Although inhabited and remote, South Sentinel island is covered with marine debris, mostly plastic. South Sentinel, Andaman Islands, Bay of Bengal. Captions and Photo: © SAF — Coastal Care
Greenpeace USA released the results of a comprehensive survey of the nation’s 367 material recovery facilities (MRFs) today, revealing that only PET #1 and HDPE #2 plastic bottles and jugs may legitimately be labeled as recyclable by consumer goods companies and retailers. The survey found that common plastic pollution items, including plastic tubs, cups, lids, plates, and trays, may not be labeled as recyclable according to Federal Trade Commission (FTC) requirements for products and labeling. Additionally, many full body shrink sleeves that are added to PET #1 and HDPE #2 bottles and jugs make those products non-recyclable as well.
“This survey confirms what many news reports have indicated since China restricted plastic waste imports two years ago — that recycling facilities across the country are not able to sort, sell, and reprocess much of the plastic that companies produce,” said Jan Dell, independent engineer and founder of The Last Beach Cleanup, who led the survey of plastics acceptance policies at the 367 MRFs.
Greenpeace has identified numerous examples of U.S. companies using misleading labels. Target, Nestlé, Danone, Walmart, Procter & Gamble, Clorox, Aldi, SC Johnson, and Unilever are among the companies that Greenpeace has asked to correct their labels, and some changes are underway. If companies show no willingness to end this deception, the organization plans to file formal FTC complaints…
Read Full Article; Greenpeace (02-18-2020)
America’s ‘recycled’ plastic waste is clogging landfills, survey finds; Guardian UK (02-18-2020)
Many plastic items that Americans put in their recycling bins aren’t being recycled at all, according to a major new survey of hundreds of recycling facilities across the US…
More Recycling Won’t Solve Plastic Pollution; Scientific American (07-06-2018)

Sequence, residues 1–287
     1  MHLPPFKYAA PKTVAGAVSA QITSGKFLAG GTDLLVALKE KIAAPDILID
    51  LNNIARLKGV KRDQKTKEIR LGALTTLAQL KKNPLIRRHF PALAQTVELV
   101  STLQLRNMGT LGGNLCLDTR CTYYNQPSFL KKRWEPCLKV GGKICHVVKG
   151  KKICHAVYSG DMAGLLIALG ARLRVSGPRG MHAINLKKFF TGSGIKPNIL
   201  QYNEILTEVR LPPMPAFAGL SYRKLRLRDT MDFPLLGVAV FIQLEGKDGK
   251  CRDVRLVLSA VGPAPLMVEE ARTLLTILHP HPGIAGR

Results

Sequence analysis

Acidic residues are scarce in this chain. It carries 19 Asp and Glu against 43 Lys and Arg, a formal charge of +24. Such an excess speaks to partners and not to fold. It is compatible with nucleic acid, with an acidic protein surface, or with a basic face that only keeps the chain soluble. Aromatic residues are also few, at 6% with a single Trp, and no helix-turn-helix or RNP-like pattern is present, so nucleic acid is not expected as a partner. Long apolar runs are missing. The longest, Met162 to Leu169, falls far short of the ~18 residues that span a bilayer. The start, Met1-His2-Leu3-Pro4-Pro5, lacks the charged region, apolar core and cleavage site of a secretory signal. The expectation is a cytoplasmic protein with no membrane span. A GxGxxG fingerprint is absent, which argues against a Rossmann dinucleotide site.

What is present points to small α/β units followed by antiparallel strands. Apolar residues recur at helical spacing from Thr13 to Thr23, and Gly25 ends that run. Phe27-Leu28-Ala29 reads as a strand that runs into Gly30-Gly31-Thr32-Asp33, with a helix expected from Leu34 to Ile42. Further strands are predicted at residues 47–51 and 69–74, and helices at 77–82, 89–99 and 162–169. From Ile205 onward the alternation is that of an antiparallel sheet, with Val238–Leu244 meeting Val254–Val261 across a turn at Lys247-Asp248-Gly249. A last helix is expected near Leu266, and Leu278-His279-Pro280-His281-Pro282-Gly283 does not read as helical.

Only 14% of plastics are recycled – can tech innovation tackle the rest? Guardian UK (02-22-2017)
Billions of pounds of plastic waste are littering the world’s oceans. Now, an organic chemist and a sailboat captain report that they are developing a process to reuse certain plastics, transforming them from worthless trash into a valuable diesel fuel with a small mobile reactor that could operate on land or at sea…
More than 8. 3 billion tons of plastics made: Most has now been discarded; Science Daily (07-19-2017)
Humans have created 8.3 billion metric tons of plastics since large-scale production of the synthetic materials began in the early 1950s, and most of it now resides in landfills or the natural environment, according to a study.
What are businesses doing to turn off the plastic tap? UNEP (06-28-2018)
These 10 companies are flooding the planet with throwaway plastic; Greenpeace (10-09-2018)
Nine months, six continents, 239 cleanup events, and more than 187,000 pieces of trash later, we now have the most comprehensive snapshot to date of how corporations are contributing to the global plastic pollution problem…
Over 180 countries -not including the US– agree to restrict global plastic waste trade; CNN (05-11-2019)
The governments of 187 countries have agreed to control the movement of plastic waste between national borders, in an effort to curb the world’s plastic crisis — but the United States was not among them…
Plastic Pollution: When The Mermaids Cry, The Great Plastic Tide, Coastal Care
Washed out on our coasts in obvious and clearly visible form, the plastic pollution spectacle blatantly unveiling on our beaches is only the prelude of the greater story that unfolded further away in the world’s oceans, yet mostly originating from where we stand: the land…